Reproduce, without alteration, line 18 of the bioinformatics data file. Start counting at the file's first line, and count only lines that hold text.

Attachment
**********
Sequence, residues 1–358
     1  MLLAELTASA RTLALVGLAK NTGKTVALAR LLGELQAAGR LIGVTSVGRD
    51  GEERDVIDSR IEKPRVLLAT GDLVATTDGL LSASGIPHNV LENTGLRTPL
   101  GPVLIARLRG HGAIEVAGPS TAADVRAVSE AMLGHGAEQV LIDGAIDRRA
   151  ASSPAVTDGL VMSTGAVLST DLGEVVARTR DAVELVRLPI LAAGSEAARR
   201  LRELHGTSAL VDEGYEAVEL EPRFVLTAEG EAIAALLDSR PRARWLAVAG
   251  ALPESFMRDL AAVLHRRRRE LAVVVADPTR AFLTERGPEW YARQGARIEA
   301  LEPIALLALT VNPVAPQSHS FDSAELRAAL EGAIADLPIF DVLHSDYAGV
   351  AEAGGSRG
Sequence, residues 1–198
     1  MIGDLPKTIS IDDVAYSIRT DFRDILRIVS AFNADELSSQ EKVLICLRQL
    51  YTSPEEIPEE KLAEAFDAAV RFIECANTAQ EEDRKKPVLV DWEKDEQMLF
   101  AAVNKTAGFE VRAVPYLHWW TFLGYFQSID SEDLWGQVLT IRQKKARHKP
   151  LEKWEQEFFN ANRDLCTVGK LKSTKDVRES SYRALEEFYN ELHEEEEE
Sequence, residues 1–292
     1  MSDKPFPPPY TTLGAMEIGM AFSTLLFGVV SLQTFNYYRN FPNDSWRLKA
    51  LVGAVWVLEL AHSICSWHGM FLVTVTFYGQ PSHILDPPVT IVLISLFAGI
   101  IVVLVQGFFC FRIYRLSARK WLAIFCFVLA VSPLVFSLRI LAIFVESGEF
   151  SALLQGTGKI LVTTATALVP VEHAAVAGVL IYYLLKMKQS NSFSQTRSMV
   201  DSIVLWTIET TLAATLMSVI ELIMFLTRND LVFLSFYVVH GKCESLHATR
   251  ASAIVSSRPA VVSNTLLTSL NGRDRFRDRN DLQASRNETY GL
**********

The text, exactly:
   101  IVVLVQGFFC FRIYRLSARK WLAIFCFVLA VSPLVFSLRI LAIFVESGEF